Pakistan claim may backfire
The scary decline of relations between the United States and Pakistan – the world’s most dangerous nuclear-armed country – is illustrated by the perilous plight of one man.
Husain Haqqani was, until recently, the savvy and energetic Pakistani ambassador to Washington, dubbed by Bloomberg “the hardest-working man in D.C.” His job was thankless: trying to maintain ties between two countries that deeply distrust each other.
Pakistan’s military disliked Haqqani because of his long-standing opposition to its ties with Islamist groups. (He wrote the best book on the subject.) He was also regarded as too “pro-American.” But the generals apparently recognized that only someone like Haqqani could ease tensions with Washington and keep the U.S. aid flowing.
So they let him keep working to prevent U.S.-Pakistani ties from breaking. Until now.
Haqqani has resigned and returned home. He’s accused by the military and the media – no formal charges – of drafting an unsigned memo asking Washington in May to help block a military coup in Pakistan. In return, Pakistan’s civilian government supposedly would have cracked down on its military and ISI intelligence agency.
Haqqani is forbidden to leave the country and could be charged with treason. But the “Memogate” affair is so bizarre, one has to ask whether it’s merely a pretext for the Pakistani military to unseat the civilian government and rupture ties with the United States.
The more details that emerge about this alleged scandal, the more fishy it looks. A Pakistani-American businessman named Mansoor Ijaz passed the memo to President Barack Obama’s former national security adviser, Jim Jones, in May 2011; Jones gave it to Adm. Mike Mullen, then chairman of the Joint Chiefs of Staff.
Ijaz ignited the firestorm by writing about the memo in the Financial Times in October. He says he was following Haqqani’s instructions to convey a message from Pakistani President Asif Ali Zardari; he claims he has text messages that back up his story.
But the tale is full of holes.
Haqqani denies he had anything to do with the memo. Jones denies that Ijaz ever mentioned Haqqani. And Mullen says he paid the unsigned document no attention. But even putting all that aside, the story makes no sense.
For one thing, Zardari had tried once before and failed miserably to gain control of the ISI; neither he nor Haqqani would have been likely to court another failure. Moreover, the memo was passed just after the U.S. raid that killed Osama bin Laden, which left the Pakistani military weakened and unlikely to make a coup.
Most telling, the well-connected Haqqani had no need to use an unreliable cutout to deliver messages. Which brings us to the central weakness of the story: the credibility of Mansoor Ijaz.
Ijaz, who once managed an investment firm, had cultivated well-placed political friends in both parties. He seems like a clone of Walter Mitty, the Thurber character who had heroic daydreams and tried to convince others they were true.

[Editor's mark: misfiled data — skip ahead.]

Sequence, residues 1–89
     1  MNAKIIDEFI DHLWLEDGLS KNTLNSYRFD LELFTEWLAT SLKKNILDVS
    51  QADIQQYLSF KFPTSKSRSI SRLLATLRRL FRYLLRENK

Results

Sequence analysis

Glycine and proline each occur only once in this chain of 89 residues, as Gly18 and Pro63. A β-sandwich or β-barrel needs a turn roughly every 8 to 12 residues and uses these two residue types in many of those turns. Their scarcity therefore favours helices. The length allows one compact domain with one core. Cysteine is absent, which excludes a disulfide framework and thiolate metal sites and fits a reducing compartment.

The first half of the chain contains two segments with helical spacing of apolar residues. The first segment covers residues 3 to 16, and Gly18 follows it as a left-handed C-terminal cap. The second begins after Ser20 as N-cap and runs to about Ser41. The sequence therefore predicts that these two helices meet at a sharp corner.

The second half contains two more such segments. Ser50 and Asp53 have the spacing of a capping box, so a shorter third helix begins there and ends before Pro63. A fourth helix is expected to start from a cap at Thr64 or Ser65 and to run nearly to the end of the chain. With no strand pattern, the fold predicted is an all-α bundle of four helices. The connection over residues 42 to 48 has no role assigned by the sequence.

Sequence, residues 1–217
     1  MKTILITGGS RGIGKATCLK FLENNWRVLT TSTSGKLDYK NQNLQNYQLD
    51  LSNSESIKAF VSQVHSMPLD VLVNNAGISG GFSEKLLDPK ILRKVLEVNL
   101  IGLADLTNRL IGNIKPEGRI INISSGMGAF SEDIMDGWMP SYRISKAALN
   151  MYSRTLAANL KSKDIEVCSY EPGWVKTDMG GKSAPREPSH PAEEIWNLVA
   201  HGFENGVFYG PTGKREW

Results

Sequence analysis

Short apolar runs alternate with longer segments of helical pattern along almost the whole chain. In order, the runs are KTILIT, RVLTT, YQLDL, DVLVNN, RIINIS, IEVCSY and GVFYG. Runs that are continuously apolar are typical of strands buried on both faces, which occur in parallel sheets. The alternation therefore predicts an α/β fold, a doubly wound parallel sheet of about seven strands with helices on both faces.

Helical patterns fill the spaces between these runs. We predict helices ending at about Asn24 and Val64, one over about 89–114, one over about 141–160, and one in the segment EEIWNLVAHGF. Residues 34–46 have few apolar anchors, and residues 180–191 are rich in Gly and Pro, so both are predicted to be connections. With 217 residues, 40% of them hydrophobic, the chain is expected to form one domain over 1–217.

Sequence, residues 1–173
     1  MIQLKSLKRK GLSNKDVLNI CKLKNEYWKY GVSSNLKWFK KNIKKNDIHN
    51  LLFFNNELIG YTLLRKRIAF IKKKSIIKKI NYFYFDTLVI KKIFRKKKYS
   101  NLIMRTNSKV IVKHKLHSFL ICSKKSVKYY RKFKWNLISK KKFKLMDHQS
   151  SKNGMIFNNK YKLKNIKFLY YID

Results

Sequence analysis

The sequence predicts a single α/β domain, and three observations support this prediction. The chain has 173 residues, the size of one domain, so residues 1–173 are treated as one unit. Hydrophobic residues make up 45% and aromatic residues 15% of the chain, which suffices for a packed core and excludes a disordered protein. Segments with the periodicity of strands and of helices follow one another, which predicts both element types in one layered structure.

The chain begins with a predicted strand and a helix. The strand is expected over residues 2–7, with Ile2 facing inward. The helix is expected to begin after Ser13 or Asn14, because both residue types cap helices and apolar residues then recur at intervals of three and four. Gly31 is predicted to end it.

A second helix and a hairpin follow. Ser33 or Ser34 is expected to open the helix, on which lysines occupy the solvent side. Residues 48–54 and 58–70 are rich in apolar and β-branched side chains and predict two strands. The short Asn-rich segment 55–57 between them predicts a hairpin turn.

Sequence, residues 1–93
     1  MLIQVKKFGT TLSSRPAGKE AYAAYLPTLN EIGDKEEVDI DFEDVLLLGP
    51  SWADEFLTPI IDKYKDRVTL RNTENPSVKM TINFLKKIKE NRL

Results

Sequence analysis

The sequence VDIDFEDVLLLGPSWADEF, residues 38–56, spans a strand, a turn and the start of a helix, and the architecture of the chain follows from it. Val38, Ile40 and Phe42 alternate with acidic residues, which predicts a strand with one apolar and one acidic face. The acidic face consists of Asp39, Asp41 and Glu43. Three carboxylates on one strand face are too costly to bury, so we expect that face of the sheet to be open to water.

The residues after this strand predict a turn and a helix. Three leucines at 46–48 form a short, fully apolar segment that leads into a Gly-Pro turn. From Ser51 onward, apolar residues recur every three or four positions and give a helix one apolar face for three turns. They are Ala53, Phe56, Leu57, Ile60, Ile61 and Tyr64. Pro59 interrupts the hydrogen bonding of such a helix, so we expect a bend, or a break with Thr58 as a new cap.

Ijaz claims that he got Sudan in the mid-1990s to offer the Clinton administration intelligence on al-Qaida, and that Sudan offered to arrest bin Laden. The 9/11 Commission found no “credible evidence” of any such Sudanese offer.
Peter Bergen, CNN’s national security analyst, has detailed a long list of sensational claims by Ijaz to Fox News, CNN and British newspapers that were baseless. Example: Ijaz told Fox in 2003 that “unimpeachable eyewitness sources” placed bin Laden in Iran; later he admitted this was in error.
This month Ijaz claimed, in a Newsweek interview, that the United States told Haqqani and Zardari in advance about the raid on bin Laden. Given the intense secrecy in which this raid was held, such a claim is ludicrous. It undercuts everything else Ijaz has said.
Yet Pakistan’s military and intelligence leaders are fanning the Memogate furor, which further inflames anti-Americanism in their country. They seem unaware that their hot pursuit of Haqqani (and Zardari) is likely to boomerang against their own interests, and their country’s interests as well.
Pakistan needs to maintain its ties with the United States, no matter how fragile. If they break, Pakistan’s generals lose military aid that won’t be replaced by China. Without strategic cooperation between the two countries, neighboring Afghanistan will collapse into chaos after U.S. troops leave, a chaos that will blow back into Pakistan.
Husain Haqqani was no traitor; he understood the need to prevent a U.S. rupture with Pakistan. His forced resignation could bring that rupture closer. By blindly pursuing Memogate, Pakistan’s military leaders are boxing themselves into a situation that is as dangerous for their country as it is for America. Is that what the generals really want?
Trudy Rubin is a columnist for the Philadelphia Inquirer. Her email address is email@example.com.